Singing the Blues

Sometimes it seems as if Mother Nature picks one color and runs with it. Recently that color has been blue. It's been everywhere I've looked, particularly here in the yard. Blue bugs, blue birds, blue flowers, blue berries...bright blue, dark blue, light blue...BLUE! In the interest of brevity, though, let's just concern ourselves with some of the bugs and birds.

Let's start with the dragonflies (all those pictured are males, the females show different colors)...

First up, the Great Blue Skimmer (Libellula vibrans)
As the name implies, this is a fairly large dragonfly, averaging between 2 and 2.5 inches. They are everywhere right now. They are particularly fond of the front porch for some reason. I like them because they are not camera shy.

Next we have the Eastern Pondhawk (Erythemis simplicicollis). 
I tend to think of these guys as the cats of the dragonfly world. If you're working on something outside, you are sure to have a visit from one of these. They love to "participate" in whatever activity is going on. Plus, they are not shy about landing on you. I've had them on my head, my arms, my legs, my feet...they just swoop in and make themselves at home. Like I said - cats.

Now for some flash and dazzle, we have the Spangled Skimmer (Libellula cyanea).
Check out the black and white stigma on the wings. This is the only species in the East that sports such bling. It is a very noticeable feature whether the dragonfly is in flight or at rest. It will certainly catch your eye.

For spunk, you can't beat the Blue Dasher (Pachydiplax longipennis)
Males spend a good deal of time patrolling and chasing other males. When they do sit, they cock their wings forward in an attitude of readiness. And I love to see them obelisk on hot, sunny days. Obelisking is a behavior that helps a dragonfly in an open area avoid overheating. One will perch and then raise its abdomen up in the direction of the sun. This helps to reduce the amount of sunlight that hits the critter, keeping it cooler. It's a pretty neat trick.

The darkest blue of the dragonflies in the yard is the Slaty Skimmer (Libellula incesta).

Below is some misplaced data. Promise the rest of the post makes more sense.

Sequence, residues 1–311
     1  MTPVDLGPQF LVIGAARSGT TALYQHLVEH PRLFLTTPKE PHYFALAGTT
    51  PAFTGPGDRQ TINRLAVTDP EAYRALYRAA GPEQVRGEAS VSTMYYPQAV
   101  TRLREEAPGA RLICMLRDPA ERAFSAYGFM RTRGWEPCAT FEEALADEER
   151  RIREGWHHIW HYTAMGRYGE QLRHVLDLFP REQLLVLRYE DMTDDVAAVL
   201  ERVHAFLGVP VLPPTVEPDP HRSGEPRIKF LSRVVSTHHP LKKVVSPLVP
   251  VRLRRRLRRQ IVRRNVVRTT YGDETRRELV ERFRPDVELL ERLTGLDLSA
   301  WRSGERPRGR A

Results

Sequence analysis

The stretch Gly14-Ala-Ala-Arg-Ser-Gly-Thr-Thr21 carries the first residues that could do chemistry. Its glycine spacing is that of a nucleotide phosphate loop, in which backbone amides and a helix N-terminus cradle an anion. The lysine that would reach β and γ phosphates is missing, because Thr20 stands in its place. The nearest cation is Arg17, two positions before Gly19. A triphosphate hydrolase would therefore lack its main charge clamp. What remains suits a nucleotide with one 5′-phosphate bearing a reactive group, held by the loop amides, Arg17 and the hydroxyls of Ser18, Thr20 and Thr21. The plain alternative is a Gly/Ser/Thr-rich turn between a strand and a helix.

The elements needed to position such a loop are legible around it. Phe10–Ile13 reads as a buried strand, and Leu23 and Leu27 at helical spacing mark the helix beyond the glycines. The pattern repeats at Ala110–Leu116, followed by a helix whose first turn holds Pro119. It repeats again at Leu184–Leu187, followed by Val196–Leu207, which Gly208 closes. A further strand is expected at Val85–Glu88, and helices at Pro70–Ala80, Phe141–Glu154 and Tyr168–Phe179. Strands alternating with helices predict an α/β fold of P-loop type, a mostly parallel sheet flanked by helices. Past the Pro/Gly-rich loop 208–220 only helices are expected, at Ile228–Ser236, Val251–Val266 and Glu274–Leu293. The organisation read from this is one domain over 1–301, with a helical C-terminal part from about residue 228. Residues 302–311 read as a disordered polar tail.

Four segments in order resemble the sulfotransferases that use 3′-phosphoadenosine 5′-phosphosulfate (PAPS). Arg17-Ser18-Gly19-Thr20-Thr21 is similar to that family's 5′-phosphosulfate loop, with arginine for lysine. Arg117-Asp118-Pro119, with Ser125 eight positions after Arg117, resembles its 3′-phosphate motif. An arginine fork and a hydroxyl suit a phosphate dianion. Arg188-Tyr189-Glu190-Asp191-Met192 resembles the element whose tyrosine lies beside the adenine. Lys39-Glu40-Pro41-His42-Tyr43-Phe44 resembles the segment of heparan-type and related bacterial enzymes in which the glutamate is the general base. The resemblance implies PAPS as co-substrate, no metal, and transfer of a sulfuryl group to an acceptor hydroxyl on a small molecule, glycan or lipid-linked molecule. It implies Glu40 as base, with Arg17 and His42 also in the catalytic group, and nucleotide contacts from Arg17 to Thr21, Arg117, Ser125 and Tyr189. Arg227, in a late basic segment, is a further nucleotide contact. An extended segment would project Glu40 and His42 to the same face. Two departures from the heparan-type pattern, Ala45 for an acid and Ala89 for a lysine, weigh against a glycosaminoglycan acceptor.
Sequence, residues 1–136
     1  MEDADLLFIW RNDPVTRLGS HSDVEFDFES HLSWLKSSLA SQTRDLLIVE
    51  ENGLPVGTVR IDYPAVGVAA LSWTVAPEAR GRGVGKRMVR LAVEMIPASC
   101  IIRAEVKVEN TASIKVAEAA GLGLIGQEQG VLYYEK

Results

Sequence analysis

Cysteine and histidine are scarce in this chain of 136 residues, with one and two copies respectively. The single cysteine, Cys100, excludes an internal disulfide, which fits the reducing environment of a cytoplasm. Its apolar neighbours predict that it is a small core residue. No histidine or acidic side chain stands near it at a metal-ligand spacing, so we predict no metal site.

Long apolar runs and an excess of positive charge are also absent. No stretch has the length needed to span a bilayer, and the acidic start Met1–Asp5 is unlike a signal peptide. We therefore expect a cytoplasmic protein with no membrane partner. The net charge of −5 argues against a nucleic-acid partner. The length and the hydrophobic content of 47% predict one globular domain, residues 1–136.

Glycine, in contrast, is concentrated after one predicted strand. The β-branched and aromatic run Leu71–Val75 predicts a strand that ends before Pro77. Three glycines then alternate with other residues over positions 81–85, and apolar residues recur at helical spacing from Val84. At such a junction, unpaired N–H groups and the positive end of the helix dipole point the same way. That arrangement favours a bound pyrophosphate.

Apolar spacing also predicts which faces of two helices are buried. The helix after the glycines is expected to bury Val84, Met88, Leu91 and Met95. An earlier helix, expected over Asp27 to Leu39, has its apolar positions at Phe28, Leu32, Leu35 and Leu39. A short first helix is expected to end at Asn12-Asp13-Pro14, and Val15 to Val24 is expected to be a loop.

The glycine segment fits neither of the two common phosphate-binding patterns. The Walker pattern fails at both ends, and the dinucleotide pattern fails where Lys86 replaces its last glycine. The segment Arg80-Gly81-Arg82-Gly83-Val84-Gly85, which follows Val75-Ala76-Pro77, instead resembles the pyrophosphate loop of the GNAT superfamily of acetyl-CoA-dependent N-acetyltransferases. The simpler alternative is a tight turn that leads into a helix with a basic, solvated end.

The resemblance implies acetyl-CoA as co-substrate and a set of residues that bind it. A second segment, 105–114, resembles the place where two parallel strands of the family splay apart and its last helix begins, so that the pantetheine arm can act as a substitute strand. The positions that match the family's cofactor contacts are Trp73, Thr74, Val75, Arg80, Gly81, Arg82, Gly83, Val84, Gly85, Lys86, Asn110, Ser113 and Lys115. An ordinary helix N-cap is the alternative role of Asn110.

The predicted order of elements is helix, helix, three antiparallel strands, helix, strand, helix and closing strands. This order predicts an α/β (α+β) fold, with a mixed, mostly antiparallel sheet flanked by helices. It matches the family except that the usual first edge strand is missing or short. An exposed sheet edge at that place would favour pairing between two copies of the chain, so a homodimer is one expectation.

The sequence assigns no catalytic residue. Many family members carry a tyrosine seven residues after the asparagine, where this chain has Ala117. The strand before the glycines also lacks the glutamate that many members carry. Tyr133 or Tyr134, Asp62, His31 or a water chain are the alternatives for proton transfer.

I often see these skimmers hanging out with the larger Great Blues. They have black eyes and very dark stigma that go quite well with their slate blue coloration.

Some will argue that this last dragonfly is not blue at all. That's understandable considering that it's called a Common Whitetail (Plathemis lydia).
If you look closely, you'll see that the color is more a pruinose pale blue than white - at least to my eye. (Pruinescence, or pruinosity, is one of those terms that gets some folks' panties in a bunch when referring to odonates. Here I am referring to the sort of chalky look on the abdomen of this dragonfly.)

Now let's move to the blue birds that are around the yard. We have an abundance! (I was only able to get photos of two of the four species of blue birds that call our yard home. The Blue Grosbeaks and the Blue Jays were most uncooperative when I went out with my camera.)

 Most years we have multiple Eastern Bluebirds nesting on the property. This year only one box has been used, but two broods have been raised. Feisty creatures, bluebirds. I once watched one haul a Carolina Chickadee out of a box and wrestle it to the ground. The chickadee had first dibs on the box but the bluebird had an attitude. Such a bully bird!

But they do have some pretty eggs :)

I dare you to find a bluer blue bird (in the East) than the Indigo Bunting. It's an electric blue when the sun hits it. We have at least four Indigo Bunting pairs raising broods on the property this year. The males sing their little hearts out.

There are other blue things out there but I'm out of time right now. Glad you stopped by!


Back Up

Yes, you heard me. I said, "Back up!" And do it now. No excuses, no I'll-do-it-laters... So why am I preaching to you? Because I don't want you to go through the grief I'm going through right now. My laptop crashed...you know, the one with all my pictures? The pictures I like to share with you...the pictures that I can't get to until I pull the hard drive from my unconscious laptop and transfer the files.


Spring - Slowly

Spring has been doing a two-steps-forward, one-step-back routine this year. Leaves have been slow to come out, flowers have bloomed "off schedule," and temperatures have bounced between downright chilly and downright hot. But it could be worse, so I won't complain (too much).

My first green treefrog didn't make its appearance until April 10th. I was beginning to go through withdrawal. Prior to the one pictured above, the only other green treefrog I had seen this year was a dead one under a log I rolled while looking for salamanders.